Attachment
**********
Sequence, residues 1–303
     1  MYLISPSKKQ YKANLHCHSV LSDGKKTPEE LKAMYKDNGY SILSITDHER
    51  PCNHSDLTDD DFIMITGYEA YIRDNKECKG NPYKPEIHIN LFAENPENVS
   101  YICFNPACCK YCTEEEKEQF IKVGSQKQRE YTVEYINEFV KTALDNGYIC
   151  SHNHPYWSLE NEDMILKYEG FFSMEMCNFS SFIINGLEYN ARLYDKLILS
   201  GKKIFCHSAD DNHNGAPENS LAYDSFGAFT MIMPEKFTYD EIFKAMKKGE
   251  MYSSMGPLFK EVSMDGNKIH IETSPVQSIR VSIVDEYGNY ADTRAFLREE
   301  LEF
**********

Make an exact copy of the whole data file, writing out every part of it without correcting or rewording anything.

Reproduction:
Sequence, residues 1–303
     1  MYLISPSKKQ YKANLHCHSV LSDGKKTPEE LKAMYKDNGY SILSITDHER
    51  PCNHSDLTDD DFIMITGYEA YIRDNKECKG NPYKPEIHIN LFAENPENVS
   101  YICFNPACCK YCTEEEKEQF IKVGSQKQRE YTVEYINEFV KTALDNGYIC
   151  SHNHPYWSLE NEDMILKYEG FFSMEMCNFS SFIINGLEYN ARLYDKLILS
   201  GKKIFCHSAD DNHNGAPENS LAYDSFGAFT MIMPEKFTYD EIFKAMKKGE
   251  MYSSMGPLFK EVSMDGNKIH IETSPVQSIR VSIVDEYGNY ADTRAFLREE
   301  LEF